Making The Vagina Shameless: Michèle Degen Is Smashing Taboos - The Reykjavik Grapevine

Making The Vagina Shameless: Michèle Degen Is Smashing Taboos

Making The Vagina Shameless: Michèle Degen Is Smashing Taboos

Published March 21, 2017

Joanna Smith
Photos by
Juliette Chrétien

Would you believe it: the “V-word” is still a taboo subject. That’s right, I’m talking about the part of the human anatomy responsible for pleasure, pain, and even giving life. The part society can’t seem to talk about except in hushed tones. The dirty secret hidden between a woman’s legs: the vagina.

Swiss designer Michèle Degen hopes to change all that with Vulva Versa, a mirror designed for women to view their genitals. It’s a piece about exploration and acceptance of female sexuality, and Michèle will present it as part of this year’s DesignTalks.

Michèle Degen, the designer behind Vulva Versa, will be giving a talk at DesignMarch entitled “Shame / Less.”

Michèle was inspired by a project in which she worked with the gynaecological department of the Máxima Medisch Centrum in Eindhoven. She explains: “In the beginning, I had my share of troubles with the topic. I tried to figure out how the visit at the gynaecologist could be more comfortable. But whilst joining the doctor on this practice, and interviewing his patients, I started to realise that a more comfortable chair does not change the situation—there is a broader discomfort around the vagina. We simply do not talk about it.”

Intimate parts

The mirror itself is, first and foremost, a piece of art. Its beautiful, shell-like design is visually appealing and intriguing—certainly more so than a regular compact mirror. The shape mimics that of a woman’s genitals, and the concave design means you can see everything at once. Using it, a woman would have her vagina, her sexuality and her body in the palm of her hand.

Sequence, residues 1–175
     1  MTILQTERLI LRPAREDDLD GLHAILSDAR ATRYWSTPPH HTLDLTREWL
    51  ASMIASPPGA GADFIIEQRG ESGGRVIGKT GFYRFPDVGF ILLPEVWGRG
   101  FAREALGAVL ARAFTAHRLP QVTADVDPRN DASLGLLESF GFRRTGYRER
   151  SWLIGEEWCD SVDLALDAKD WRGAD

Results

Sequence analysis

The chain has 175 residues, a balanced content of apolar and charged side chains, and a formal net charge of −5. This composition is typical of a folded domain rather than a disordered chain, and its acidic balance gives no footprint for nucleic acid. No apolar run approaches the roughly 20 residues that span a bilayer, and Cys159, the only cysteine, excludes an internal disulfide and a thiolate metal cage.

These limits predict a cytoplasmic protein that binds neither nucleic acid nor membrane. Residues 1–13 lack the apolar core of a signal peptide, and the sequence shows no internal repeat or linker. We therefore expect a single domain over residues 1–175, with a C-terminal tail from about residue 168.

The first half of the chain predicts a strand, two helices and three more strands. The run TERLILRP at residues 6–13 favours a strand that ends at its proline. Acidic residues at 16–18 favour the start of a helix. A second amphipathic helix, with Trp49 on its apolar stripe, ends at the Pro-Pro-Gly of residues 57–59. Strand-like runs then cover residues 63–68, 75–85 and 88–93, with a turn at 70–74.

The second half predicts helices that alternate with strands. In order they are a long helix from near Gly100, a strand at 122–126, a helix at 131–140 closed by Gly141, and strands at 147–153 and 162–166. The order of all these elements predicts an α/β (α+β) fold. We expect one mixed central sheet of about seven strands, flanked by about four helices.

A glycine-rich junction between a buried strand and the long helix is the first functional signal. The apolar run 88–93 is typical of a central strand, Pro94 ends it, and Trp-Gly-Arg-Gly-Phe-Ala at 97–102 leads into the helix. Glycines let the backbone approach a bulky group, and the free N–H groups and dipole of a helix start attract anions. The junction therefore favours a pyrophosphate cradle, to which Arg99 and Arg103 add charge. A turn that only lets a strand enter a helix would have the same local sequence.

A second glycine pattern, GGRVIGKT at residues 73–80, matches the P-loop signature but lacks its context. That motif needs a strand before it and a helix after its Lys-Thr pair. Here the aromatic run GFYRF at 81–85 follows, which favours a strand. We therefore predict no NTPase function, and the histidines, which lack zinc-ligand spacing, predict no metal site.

Michèle hopes this shell-like mirror will open a dialogue for women to talk more openly about their bodies.

But is it purely symbolic, or is there a practical use to its design? Michèle certainly thinks there is. “It’s heavier than a normal mirror,” she explains, “and makes you automatically look down. and it fits perfectly in your hand.” But probably the most useful feature is that it’s chromed and won’t steam up, “so you can take it to the shower and you can finally see where you shave.”

Vulva Versa, the mirror that lets a woman hold her vagina in her hand.

Despite these user-friendly features, Vulva Versa is currently not for sale, but Michèle has big ambitions. “The main intention is obviously that there is a dialogue,” she says. “That we can have an open conversation about intimate parts… but sometimes I think, ‘What if a Vulva Versa would be something women carry around daily, and obvious like the iPhone?’ I would like to think that I created an indispensable, thoroughly designed object that modern women posses. That the statement has spread.”

Michèle hopes that Vulva Versa will one day be sold in shops for women to buy and use everyday.

Shattering stigma

Despite the overall positive responses Michèle has received, she does occasionally encounter those who don’t understand her message. She recalls how a woman at her Dutch Design Week show saw her work and exclaimed, “What is this? This is really unnecessary. Why would a woman want see her own vagina?” But Michèle says that such responses just prove that the stigma she’s trying to shatter really exists.

“Why would a woman want see her own vagina?”

This taboo-erasing objective has female empowerment at its core. As Michèle puts it: “I believe that if a woman has a good relationship with her own body—and her genitals in particular—she is more at ease, and therefore stronger. It is a sign of self-confidence, in place of shame.”

Her talk is sure to be an interesting one, to say the least. Michèle assures me it will be “a shameless, process-driven presentation, where norms and ideals are questioned.” Vulva Versa is sure to make you think differently about the female body. In a world where autonomy over the female body is somehow still a contentious issue, a design that quite literally puts women’s bodies in their own hands is immeasurably important.

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